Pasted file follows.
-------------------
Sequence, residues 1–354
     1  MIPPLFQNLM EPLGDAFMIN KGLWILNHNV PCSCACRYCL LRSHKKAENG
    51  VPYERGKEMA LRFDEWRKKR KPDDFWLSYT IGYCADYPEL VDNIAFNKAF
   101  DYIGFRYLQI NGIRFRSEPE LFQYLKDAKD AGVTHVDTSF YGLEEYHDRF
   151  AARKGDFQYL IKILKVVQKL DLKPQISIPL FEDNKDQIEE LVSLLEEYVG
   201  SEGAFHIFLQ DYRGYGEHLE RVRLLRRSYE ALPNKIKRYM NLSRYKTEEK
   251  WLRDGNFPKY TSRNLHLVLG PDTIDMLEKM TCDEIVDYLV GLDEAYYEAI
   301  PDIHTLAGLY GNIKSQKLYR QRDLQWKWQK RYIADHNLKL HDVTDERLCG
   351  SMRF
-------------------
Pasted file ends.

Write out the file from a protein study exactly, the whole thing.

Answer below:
Sequence, residues 1–354
     1  MIPPLFQNLM EPLGDAFMIN KGLWILNHNV PCSCACRYCL LRSHKKAENG
    51  VPYERGKEMA LRFDEWRKKR KPDDFWLSYT IGYCADYPEL VDNIAFNKAF
   101  DYIGFRYLQI NGIRFRSEPE LFQYLKDAKD AGVTHVDTSF YGLEEYHDRF
   151  AARKGDFQYL IKILKVVQKL DLKPQISIPL FEDNKDQIEE LVSLLEEYVG
   201  SEGAFHIFLQ DYRGYGEHLE RVRLLRRSYE ALPNKIKRYM NLSRYKTEEK
   251  WLRDGNFPKY TSRNLHLVLG PDTIDMLEKM TCDEIVDYLV GLDEAYYEAI
   301  PDIHTLAGLY GNIKSQKLYR QRDLQWKWQK RYIADHNLKL HDVTDERLCG
   351  SMRF